Risk identification is the first step in the ERM process cycle. Most assume that by now common practice must have evolved into best practice. However, this is not so. This webinar reveals the critical mistakes routinely made in risk identification that can derail the ERM process, and the five keys to successfully avoiding them. Speaker: Sim Segal, President, SimErgy Consulting

Risk Radio™
Thursdays, 12:15pm Eastern
SimErgy introduces an innovative medium for ERM discourse: a weekly radio program. Premiering March 31st, Risk Radio, airs Thursdays at 12:15pm Eastern. Hosted by SimErgy president Sim Segal, Risk Radio follows a talk radio format with 30 minutes of topical discussions on ERM. Occasional guests are featured and listeners may call in.

Also, See Sim’s new book at https://www.simergy.com/ermbook.html

ERM Fundamentals

January 21, 2011

You have to start somewhere.

My suggestion it that rather than starting with someone else’s idea of ERM, you start with what YOUR COMPANY is already doing.

In that spirit, I offer up these eight Fundamental ERM Practices.  So to follow my suggestion, you would start in each of these eight areas with a self assessment.  Identify what you already have in these eight areas.  THEN start to think about what to build.  If there are gaping holes, plan to fill those in with new practices.  If there are areas where your company already has a rich vein of existing practice build gently on that foundation.  Much better to use ERM to enhance existing good practice than to tear down existing systems that are already working.  Making significant improvement to existing good practices should be one of your lowest priorities.

  1. Risk Identification: Systematic identification of principal risks – Identify and classify risks to which the firm is exposed and understand the important characteristics of the key risks

  2. Risk Language: Explicit firm-wide words for risk – A risk definition that can be applied to all exposures, that helps to clarify the range of size of potential loss that is of concern to management and that identifies the likelihood range of potential losses that is of concern. Common definitions of the usual terms used to describe risk management roles and activities.

  3. Risk Measurement: What gets measured gets managed – Includes: Gathering data, risk models, multiple views of risk and standards for data and models.

  4. Policies and Standards: Clear and comprehensive documentation – Clearly documented the firm’s policies and standards regarding how the firm will take risks and how and when the firm will look to offset, transfer or retain risks. Definitions of risk-taking authorities; definitions of risks to be always avoided; underlying approach to risk management; measurement of risk; validation of risk models; approach to best practice standards.

  5. Risk Organization: Roles & responsibilities – Coordination of ERM through: High-level risk committees; risk owners; Chief Risk Officer; corporate risk department; business unit management; business unit staff; internal audit. Assignment of responsibility, authority and expectations.

  6. Risk Limits and Controlling: Set, track, enforce – Comprehensively clarifying expectations and limits regarding authority, concentration, size, quality; a distribution of risk targets

    and limits, as well as plans for resolution of limit breaches and consequences of those breaches.

  7. Risk Management Culture: ERM & the staff – ERM can be much more effective if there is risk awareness throughout the firm. This is accomplished via a multi-stage training program, targeting universal understanding of how the firm is addressing risk management best practices.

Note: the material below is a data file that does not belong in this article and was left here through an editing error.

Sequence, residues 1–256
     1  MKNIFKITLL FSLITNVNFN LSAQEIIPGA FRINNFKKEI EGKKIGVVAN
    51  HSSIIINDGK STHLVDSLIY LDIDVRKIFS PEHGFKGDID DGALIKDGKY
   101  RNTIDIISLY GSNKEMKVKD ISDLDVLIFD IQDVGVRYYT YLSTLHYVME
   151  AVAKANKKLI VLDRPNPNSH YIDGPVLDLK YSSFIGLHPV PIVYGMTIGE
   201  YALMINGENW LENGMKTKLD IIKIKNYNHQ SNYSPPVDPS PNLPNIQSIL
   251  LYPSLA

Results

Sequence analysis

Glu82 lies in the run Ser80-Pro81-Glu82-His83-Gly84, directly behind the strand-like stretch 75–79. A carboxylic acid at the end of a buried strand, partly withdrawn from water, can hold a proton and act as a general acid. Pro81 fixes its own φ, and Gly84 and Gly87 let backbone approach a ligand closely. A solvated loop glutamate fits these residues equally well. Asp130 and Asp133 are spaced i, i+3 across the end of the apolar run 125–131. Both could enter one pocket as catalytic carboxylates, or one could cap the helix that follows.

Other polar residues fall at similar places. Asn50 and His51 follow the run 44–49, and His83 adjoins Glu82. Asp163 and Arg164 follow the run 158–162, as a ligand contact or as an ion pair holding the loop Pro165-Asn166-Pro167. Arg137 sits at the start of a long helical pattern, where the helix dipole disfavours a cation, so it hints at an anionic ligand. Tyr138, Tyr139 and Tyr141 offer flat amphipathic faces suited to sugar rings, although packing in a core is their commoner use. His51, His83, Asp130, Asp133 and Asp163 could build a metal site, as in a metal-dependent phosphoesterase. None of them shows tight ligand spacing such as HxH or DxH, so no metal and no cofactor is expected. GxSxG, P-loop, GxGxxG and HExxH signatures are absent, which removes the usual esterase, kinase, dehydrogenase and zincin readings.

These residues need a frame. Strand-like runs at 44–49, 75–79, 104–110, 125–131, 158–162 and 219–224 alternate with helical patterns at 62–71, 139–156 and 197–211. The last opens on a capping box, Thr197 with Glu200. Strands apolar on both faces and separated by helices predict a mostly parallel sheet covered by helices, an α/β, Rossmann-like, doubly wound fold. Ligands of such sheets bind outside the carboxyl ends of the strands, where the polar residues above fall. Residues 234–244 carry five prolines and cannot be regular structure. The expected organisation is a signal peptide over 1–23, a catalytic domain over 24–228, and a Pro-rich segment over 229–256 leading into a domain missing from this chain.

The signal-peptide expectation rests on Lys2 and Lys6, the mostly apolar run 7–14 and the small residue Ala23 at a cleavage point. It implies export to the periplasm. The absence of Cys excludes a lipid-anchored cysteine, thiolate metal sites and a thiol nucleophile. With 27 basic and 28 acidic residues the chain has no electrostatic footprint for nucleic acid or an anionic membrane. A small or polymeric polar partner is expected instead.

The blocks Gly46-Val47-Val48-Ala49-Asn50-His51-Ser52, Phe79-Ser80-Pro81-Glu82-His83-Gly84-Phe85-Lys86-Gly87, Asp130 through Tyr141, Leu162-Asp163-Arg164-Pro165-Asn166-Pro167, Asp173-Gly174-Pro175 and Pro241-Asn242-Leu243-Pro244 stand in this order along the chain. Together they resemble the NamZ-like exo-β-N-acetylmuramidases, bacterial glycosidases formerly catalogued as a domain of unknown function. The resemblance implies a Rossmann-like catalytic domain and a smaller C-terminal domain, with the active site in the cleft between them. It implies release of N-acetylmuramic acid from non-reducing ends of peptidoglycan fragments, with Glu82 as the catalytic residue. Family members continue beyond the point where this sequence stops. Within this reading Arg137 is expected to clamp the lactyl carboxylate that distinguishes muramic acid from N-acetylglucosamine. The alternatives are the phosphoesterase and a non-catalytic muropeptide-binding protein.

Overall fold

8. Risk Learning: Commitment to constant improvement – A learning and improvement environment that encourages staff to make improvements to company practices based on unfavorable and favorable experiences with risk management and losses, both within the firm and from outside the firm.

It’s All Relative

November 7, 2010

Another way to differentiate risks and loss situations is to distinguish between systematic losses and losses where your firm ends up in the bottom quartile of worst losses.

You can get to that by way of having a higher concentration of a risk exposure than your peers.  Or else you can lose more in proportion to your exposure than your peers.

The reason it can be important to distinguish these situations is that there is some forgiveness from the market, from your customers and from your distributors if you lose money when everyone else is losing it.  But there is little sympathy for the firm that manages to lose much more than everyone else.

And worst of all is to lose money when no one else is losing it.

So perhaps you might want to go through each of your largest risk exposures and imagine how either of these three scenarios might hit you.

  • One company had a loss of 50% of capital during the credit crunch of the early 1990′s.  Their largest credit exposure was over 50% of capital and it went south.  Average recoveries were 60% to 80% in those days, but this default had a 10% recovery.  That 60% to 80% was an average, not a guaranteed recovery amount.  Most companies lost less than 5% of capital in that year.
  • Another company lost well over 25% of capital during the dot com bust.  They had concentrated in variable annuities.  No fancy guarantees, just guaranteed death benefits.  But their clientele was several years older than their average competitors.  And the difference in mortality rate was enough that they had losses that were much larger than their competitors, who were also not so concentrated in variable annuities.
  • Explaining their claims for Hurricane Katrina that were about 50% higher as a percent of their expected total claims, one insurer found that they had failed to reinsure a large commercial customer whose total loss from the hurricane made up almost 75% of the excess.  Had they followed their own retention rules on that one case, that excess would have been reduced by half.